Romero v. Perez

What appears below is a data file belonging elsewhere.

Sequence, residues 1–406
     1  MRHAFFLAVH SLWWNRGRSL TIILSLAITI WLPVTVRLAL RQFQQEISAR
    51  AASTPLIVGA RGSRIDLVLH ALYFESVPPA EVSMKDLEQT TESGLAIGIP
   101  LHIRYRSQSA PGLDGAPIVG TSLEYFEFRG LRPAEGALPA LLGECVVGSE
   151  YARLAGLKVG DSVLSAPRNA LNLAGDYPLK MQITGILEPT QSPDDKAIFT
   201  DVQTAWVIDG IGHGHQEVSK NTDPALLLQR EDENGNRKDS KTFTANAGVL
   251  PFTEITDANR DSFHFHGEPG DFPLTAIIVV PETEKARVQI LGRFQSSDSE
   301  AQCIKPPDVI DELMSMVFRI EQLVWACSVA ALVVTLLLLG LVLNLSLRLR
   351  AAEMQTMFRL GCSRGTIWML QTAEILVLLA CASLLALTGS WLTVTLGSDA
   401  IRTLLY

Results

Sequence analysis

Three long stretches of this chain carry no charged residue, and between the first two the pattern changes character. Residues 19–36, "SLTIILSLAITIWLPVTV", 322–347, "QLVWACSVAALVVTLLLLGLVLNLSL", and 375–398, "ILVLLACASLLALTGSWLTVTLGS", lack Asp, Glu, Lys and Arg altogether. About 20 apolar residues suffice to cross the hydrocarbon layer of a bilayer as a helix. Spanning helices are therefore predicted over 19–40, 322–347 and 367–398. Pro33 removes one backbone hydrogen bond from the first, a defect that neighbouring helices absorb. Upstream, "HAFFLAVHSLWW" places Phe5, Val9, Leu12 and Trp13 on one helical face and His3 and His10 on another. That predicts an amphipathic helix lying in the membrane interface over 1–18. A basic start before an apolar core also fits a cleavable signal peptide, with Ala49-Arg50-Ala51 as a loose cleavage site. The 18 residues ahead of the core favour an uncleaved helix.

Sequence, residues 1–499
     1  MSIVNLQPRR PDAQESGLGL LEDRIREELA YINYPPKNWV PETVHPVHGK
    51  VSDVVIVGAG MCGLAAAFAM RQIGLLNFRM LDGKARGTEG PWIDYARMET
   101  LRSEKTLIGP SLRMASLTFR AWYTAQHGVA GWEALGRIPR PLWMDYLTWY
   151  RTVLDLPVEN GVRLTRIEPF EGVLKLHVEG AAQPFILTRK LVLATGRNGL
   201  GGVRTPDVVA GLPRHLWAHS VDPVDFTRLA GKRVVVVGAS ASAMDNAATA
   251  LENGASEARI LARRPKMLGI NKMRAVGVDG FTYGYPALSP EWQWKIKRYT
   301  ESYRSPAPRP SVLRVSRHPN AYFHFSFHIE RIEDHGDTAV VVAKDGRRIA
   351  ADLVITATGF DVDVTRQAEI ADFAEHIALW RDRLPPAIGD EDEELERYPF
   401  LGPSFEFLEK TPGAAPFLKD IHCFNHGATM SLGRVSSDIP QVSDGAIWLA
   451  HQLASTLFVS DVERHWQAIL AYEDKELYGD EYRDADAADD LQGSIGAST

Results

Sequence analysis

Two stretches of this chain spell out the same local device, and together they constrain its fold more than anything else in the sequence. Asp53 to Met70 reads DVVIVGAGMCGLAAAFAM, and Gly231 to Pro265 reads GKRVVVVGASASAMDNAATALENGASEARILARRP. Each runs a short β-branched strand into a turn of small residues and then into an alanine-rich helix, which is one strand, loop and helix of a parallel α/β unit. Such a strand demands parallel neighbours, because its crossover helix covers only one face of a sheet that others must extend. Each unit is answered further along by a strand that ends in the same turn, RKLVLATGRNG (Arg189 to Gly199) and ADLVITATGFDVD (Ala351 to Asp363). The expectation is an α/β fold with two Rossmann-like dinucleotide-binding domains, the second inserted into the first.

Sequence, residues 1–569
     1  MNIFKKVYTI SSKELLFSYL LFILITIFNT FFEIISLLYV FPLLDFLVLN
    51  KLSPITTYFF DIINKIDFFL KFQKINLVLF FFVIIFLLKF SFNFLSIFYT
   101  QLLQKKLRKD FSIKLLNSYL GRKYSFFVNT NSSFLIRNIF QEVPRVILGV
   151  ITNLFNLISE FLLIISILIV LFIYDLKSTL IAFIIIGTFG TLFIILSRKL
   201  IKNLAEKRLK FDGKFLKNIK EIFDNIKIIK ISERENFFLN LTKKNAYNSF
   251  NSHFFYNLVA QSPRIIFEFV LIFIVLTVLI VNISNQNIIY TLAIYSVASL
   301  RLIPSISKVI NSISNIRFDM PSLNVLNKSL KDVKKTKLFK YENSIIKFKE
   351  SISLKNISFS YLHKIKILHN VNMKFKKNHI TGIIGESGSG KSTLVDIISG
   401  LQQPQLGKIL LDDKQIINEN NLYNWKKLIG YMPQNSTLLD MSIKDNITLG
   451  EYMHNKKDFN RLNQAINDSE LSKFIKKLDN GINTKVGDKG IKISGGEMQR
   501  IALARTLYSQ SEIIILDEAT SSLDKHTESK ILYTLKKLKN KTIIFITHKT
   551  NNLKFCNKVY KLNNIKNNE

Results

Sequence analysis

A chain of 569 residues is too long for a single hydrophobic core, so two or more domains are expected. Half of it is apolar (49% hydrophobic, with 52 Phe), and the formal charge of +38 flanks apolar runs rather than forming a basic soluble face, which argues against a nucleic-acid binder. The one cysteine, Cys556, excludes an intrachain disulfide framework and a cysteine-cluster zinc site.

Celso Monterroso Romero v. Josefa Perez, No. 2477, September Term 2016 Filed March __, 2018. HEADNOTES: Aliens, Immigration, and Citizenship – Special Immigrants – Burden of Proof Special Immigration Juvenile (SIJ) status petitioners must prove each of the SIJ factors by a preponderance of the evidence. 8 U.S.C. § 101(a)(27)(J); 8 C.F.R. § 204.11. Aliens, Immigration, and Citizenship – Special Immigrants – Procedure The circuit court, when petitioned by an applicant seeking SIJ status, must make individual factual findings on each of the factors required by 8 C.F.R. § 204.11. Circuit Court for Baltimore City Case No. 24-D-15-002928 REPORTED IN THE COURT OF SPECIAL APPEALS OF MARYLAND No. 2477 September Term, 2016 _________________________ CELSO MONTERROSO ROMERO v. JOSEFA PEREZ _________________________ Eyler, Deborah S., Leahy, Friedman, JJ. _________________________ Opinion by Friedman, J. _________________________ Filed:April 4, 2018 Appellant, Celso Romero, appeals a circuit court finding that his son, R.P., was not neglected, abused, or abandoned by his mother in Guatemala. Because the circuit court made the necessary factual findings to support its ruling, we affirm. DISCUSSION R.P. was born to Celso Romero and Josefa Perez in Quetzaltenango, Guatemala, in 1998. Romero immigrated to the United States and has resided in Baltimore since 2004. R.P. was raised by Perez until he joined his father in the United States in 2015. R.P. then began the application process for Special Immigration Juvenile (“SIJ”) status to seek lawful permanent residence in the United States.1 To begin the process of obtaining SIJ status, immigrants already residing in the United States must obtain five findings from a state court: 1) The juvenile is under the age of 21 and unmarried; 2) The juvenile is dependent on the court or has been placed under the custody of an agency or an individual appointed by the court; 3) The court has jurisdiction under state law to make judicial determinations about the custody and care of juveniles; 4) Reunification with one or both of the juvenile’s parents is not viable due to abuse, neglect, or abandonment or a similar basis under state law; and 5) It is not in the “best interest” of the juvenile to be returned to his parents’ previous country of nationality. 1 Because this case arose as a custody petition, Perez is styled as the defendant below and the appellee here. She did not respond to Romero’s initial motion or this appeal. Additionally because it arose as a custody petition, this appeal was designated for expedited treatment pursuant to Rule 8-207(a). Because the instant appeal is from denial of SIJ findings, not “from a judgment granting, denying, or establishing custody,” the designation was subsequently withdrawn. In re Dany G., 223 Md. App. 707, 714-15 (2015) (citing 8 C.F.R. § 204.11). Circuit courts are required to take evidence and make individual factual findings on each of these factors when they are petitioned by an immigrant applying for SIJ status. Id. The circuit courts, sitting as juvenile courts, retain jurisdiction over these matters until the petitioner is 21 years ...

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